Tax sheltering is not just the domain of exotic Caribbean isles. Major world powers, including the United Kingdom, play a critical and previously undisclosed role in global tax avoidance. CORPNET

These five countries are conduits for the world’s biggest tax havens

The Netherlands, Switzerland, the United Kingdom, Singapore and Ireland are among the rich countries that funnel major corporate money into secret offshore tax shelters, according to a new study.
A virus like SARS can shut down cytokine production, enabling it to multiply to higher levels and causing significant infection and even death. (THE CANADIAN PRESS/Kevin Frayer)


How the human body first fights off pathogens

We've all endured infections. Here's how it works when our bodies are attacked by viruses, bacteria or parasites, and our innate immune system becomes the first line of defence.
The cover of “Yo Soy Muslim,” one of the new books for young readers out this August. From the imprint, Salaam Reads. (Simon & Schuster)

School reading lists need strong Muslim characters

Book publishing is starting to take note of calls for inclusivity and diversity. A new imprint, Salaam Reads, may finally help educators round out their inadequate classroom reading lists.
Up to 30 per cent of young children suffer from sleep problems. (Shutterstock)

Depression risk for parents of sleepless kids

Children's sleep problems can affect not only their own wellbeing, but that of their parents. Helping parents manage these problems can also reduce their own risk of depression.
Drug-resistant strains of gonorrhoea, once easily dispatched with penicillin, are spreading across the globe resulting in chronic pain and sterility. (Shutterstock)

Canada could lead way in post-antibiotic world

Without leading edge innovations and coordination, Canadians will die from the epidemic of antibiotic resistant infections.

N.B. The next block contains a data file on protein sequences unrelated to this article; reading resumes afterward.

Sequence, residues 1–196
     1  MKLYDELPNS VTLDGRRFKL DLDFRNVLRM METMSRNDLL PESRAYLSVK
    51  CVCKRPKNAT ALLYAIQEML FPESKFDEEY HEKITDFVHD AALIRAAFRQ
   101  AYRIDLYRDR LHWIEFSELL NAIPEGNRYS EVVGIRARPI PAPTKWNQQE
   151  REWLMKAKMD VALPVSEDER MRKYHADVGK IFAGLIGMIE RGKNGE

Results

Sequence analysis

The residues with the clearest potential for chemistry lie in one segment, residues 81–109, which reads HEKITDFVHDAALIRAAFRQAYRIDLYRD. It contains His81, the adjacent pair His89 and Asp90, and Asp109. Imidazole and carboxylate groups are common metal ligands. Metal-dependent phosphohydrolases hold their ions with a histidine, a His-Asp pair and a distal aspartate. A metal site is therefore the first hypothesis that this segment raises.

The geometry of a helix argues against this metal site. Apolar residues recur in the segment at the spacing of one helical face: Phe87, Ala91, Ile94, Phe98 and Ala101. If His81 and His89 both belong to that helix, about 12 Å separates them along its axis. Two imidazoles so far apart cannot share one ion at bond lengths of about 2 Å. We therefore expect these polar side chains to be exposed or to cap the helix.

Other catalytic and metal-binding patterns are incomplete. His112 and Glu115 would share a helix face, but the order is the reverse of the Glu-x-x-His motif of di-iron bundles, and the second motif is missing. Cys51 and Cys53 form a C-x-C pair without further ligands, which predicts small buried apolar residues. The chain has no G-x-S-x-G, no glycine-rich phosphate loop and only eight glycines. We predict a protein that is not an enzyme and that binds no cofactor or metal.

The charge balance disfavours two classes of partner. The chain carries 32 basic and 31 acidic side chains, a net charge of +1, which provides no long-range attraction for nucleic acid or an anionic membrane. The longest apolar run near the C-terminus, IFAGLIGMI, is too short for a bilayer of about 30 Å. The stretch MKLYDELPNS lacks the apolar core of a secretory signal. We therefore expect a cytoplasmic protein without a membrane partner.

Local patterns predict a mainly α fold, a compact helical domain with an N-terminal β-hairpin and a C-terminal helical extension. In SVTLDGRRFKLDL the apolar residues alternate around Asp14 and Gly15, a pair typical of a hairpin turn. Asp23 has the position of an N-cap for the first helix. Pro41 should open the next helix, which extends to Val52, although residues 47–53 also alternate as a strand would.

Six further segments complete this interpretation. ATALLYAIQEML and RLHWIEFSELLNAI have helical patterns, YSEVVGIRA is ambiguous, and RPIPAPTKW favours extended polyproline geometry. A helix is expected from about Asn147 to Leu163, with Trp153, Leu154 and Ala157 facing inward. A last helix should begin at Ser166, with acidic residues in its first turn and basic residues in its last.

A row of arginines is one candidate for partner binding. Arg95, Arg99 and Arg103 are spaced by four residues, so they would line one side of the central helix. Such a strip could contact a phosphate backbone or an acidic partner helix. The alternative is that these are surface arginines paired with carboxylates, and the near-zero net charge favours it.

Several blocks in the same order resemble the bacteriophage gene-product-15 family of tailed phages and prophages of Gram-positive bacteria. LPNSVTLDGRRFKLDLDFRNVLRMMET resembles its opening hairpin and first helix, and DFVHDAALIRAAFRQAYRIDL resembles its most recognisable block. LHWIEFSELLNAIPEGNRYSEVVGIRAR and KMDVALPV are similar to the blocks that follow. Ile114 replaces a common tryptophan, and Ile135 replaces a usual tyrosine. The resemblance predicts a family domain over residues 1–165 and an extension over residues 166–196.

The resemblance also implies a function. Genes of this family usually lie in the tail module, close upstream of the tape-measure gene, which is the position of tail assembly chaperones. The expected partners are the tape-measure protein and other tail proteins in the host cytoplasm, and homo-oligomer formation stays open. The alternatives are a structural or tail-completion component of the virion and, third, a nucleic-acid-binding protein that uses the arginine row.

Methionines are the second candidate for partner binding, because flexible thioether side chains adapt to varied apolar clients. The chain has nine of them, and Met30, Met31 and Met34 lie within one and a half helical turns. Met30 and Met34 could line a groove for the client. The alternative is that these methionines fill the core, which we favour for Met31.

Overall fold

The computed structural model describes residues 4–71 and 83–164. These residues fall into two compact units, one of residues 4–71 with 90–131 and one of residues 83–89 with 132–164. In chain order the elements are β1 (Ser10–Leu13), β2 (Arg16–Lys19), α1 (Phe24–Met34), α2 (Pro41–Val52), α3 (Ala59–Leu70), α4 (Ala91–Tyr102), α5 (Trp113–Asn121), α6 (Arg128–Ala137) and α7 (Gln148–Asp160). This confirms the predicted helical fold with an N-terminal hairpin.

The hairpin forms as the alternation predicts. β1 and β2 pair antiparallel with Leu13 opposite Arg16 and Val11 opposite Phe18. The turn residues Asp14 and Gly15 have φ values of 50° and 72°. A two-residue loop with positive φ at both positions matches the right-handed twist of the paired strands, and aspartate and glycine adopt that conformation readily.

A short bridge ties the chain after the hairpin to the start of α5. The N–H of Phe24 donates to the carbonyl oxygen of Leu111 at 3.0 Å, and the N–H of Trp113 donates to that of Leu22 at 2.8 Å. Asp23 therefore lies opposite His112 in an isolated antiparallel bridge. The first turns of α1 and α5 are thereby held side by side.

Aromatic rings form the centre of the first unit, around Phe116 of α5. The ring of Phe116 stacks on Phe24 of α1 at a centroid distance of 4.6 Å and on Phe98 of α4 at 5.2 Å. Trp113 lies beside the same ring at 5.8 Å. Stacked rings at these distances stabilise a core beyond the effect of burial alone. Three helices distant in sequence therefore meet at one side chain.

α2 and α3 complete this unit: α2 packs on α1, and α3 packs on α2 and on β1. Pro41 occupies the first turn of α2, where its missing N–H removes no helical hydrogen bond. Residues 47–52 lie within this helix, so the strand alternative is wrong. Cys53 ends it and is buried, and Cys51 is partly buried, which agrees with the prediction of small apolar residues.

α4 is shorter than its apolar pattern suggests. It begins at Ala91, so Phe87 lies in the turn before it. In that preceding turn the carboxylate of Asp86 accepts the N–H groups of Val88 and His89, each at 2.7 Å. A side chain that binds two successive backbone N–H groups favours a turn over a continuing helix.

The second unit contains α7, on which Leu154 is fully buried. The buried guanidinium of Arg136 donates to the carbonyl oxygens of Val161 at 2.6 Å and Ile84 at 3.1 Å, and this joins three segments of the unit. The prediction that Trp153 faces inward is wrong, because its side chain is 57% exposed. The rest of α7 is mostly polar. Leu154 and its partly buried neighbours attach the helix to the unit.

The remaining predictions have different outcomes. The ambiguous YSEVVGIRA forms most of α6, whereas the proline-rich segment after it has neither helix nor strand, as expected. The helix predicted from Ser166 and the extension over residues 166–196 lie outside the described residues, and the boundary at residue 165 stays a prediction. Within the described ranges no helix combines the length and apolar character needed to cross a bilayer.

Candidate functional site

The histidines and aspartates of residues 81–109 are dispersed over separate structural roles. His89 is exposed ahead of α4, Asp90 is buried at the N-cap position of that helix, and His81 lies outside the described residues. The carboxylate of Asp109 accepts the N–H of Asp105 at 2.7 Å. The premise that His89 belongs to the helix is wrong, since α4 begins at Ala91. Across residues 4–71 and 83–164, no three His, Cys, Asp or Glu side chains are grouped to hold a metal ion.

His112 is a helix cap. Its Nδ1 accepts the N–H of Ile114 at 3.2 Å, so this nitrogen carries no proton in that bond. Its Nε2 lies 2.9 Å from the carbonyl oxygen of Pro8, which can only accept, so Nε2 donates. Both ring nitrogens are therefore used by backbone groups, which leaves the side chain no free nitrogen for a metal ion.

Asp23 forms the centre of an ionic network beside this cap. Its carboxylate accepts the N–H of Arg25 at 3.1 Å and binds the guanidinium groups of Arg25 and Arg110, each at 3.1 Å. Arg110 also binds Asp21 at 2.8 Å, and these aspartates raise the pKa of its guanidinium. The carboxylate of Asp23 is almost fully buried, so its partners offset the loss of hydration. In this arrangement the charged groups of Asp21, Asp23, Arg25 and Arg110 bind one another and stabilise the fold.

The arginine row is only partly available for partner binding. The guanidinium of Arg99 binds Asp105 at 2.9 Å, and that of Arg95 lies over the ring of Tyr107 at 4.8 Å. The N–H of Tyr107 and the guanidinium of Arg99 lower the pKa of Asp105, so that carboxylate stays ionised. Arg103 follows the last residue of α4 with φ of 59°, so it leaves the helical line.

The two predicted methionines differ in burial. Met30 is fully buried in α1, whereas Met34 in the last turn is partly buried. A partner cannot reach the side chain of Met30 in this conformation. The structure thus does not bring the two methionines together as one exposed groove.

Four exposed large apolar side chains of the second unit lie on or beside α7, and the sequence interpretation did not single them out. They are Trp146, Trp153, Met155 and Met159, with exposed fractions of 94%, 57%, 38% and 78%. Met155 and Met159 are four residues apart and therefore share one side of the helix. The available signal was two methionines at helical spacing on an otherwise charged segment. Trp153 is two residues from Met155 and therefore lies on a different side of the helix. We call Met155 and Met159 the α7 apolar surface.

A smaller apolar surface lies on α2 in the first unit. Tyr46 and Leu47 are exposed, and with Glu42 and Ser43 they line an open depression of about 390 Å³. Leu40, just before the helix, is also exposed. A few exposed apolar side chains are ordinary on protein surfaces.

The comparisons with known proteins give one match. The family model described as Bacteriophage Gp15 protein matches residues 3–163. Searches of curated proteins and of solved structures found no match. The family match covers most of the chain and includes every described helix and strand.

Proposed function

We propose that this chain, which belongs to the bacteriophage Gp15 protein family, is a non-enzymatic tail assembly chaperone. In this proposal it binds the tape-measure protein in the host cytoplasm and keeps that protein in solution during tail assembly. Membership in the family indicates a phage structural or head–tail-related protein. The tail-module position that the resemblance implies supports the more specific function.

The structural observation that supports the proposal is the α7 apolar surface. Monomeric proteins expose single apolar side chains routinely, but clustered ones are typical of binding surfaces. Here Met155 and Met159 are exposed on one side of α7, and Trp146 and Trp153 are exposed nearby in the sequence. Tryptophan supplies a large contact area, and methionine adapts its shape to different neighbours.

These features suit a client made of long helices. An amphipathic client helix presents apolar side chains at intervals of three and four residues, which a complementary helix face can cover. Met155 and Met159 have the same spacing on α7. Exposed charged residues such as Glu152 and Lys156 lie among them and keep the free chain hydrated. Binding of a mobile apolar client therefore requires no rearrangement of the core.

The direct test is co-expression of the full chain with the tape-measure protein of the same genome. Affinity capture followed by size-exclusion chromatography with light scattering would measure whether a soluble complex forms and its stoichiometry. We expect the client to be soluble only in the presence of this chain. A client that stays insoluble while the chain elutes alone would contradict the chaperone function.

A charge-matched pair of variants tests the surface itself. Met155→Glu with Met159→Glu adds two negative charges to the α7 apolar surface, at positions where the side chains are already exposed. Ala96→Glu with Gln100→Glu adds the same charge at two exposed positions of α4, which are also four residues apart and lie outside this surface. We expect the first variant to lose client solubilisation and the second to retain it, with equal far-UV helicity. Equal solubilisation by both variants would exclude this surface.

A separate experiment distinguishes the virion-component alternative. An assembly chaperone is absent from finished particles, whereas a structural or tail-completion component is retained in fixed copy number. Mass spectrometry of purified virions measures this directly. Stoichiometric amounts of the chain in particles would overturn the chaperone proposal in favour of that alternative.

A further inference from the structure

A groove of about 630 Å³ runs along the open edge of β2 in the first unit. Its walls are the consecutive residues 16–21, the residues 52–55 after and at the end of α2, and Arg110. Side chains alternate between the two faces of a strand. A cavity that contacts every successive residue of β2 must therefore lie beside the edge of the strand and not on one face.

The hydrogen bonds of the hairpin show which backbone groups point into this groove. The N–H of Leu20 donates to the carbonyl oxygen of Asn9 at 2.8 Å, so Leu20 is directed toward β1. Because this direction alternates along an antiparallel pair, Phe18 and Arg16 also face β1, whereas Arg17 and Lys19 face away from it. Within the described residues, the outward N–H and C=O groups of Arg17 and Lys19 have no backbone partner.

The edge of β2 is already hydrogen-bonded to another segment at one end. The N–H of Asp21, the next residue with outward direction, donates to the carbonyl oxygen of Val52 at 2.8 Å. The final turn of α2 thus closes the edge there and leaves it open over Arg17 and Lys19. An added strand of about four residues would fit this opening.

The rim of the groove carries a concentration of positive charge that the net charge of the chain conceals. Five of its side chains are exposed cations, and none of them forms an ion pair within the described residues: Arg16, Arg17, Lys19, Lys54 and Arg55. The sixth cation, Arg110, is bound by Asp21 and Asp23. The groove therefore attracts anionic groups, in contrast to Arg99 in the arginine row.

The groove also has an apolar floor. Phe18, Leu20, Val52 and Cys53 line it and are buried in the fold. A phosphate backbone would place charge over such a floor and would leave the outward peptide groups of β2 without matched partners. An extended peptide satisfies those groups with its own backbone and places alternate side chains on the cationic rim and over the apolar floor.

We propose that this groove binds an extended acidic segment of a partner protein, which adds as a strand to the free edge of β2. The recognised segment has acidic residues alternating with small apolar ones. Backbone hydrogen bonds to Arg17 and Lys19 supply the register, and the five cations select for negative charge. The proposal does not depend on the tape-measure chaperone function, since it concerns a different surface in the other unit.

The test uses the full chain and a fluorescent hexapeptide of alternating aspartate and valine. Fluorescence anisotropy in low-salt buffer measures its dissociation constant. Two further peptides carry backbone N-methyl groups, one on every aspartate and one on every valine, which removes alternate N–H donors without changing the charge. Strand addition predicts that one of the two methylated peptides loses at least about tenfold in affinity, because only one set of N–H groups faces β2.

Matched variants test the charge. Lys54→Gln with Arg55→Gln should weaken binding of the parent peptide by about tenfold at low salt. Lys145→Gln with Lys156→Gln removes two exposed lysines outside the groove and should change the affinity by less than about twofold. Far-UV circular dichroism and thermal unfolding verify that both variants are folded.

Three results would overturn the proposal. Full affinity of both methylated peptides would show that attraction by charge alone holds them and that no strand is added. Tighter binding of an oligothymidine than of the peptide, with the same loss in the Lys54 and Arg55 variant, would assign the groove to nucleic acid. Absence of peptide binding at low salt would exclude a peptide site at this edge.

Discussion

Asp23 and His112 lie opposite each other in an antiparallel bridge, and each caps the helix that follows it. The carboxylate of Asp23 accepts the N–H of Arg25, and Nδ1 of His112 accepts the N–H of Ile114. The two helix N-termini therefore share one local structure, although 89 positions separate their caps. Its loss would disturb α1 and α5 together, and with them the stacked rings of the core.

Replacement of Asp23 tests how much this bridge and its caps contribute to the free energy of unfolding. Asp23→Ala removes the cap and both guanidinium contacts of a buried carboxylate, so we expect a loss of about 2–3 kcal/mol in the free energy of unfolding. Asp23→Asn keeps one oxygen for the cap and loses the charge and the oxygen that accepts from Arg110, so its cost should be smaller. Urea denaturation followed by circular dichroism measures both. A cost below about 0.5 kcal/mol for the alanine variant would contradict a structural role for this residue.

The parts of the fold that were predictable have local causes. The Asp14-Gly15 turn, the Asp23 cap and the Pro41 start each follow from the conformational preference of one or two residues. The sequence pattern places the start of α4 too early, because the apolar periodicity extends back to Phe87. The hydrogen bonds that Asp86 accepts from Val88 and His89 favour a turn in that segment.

Wildfires may grow more frequent and intense in North America amid climate change, like the Fort McMurray blazes in 2016, which were among the worst in Canadian history. (THE CANADIAN PRESS/Jonathan Hayward)

Wildfires could radically alter forests and your life

Wildfires amid climate change may spark a radical shift in forest habitats and wildlife. They aren't just a destructive force of man and nature. They're a key factor in forest ecosystem renewal.
A child walks past Mongolians holding up banners at a protest against offshore account holders in Ulaanbaatar, Mongolia, in March. (AP Photo/Ganbat Namjilsangarav)

Mongolia: An unexpected bastion of democracy

While democracy is struggling globally and especially in Asia, Mongolians continue to vote and engage.
Four Seasons of the Canadian Flag, painted by Maxwell Newhouse for John Burge. (Maxwell Newhouse)

Painting inspires composer to connect Canadians

Composer John Burge speaks of his drive to create a musical piece to mark Canada's 150th year of confederation and to capture our collective experiences.


Why we should regulate journalists

With the rise of fake news and its threat to the public good, the time has come to regulate journalists as we do doctors, dentists and lawyers.
Children who witness crime are more vulnerable to error than adults when identifying the perpetrator. (Shutterstock)

New police lineups could help child witnesses

Child eyewitnesses make more mistakes than adults when identifying criminals. A new police lineup design could help us assess their reliability and prevent wrongful convictions.
McDonald’s unexpectedly ended its worldwide sponsorship of the Olympics last month. Here Canadian gold medallist Alexandre Bilodeau gets a snack at the 2010 Vancouver Winter Games. (THE CANADIAN PRESS/Scott White)

The Olympic-McDonald’s breakup: It’s not you, it’s us

McDonald's recently ended a 40-year relationship with the Olympics. Was the decision based on the tarnished Olympic brand or were there other reasons?

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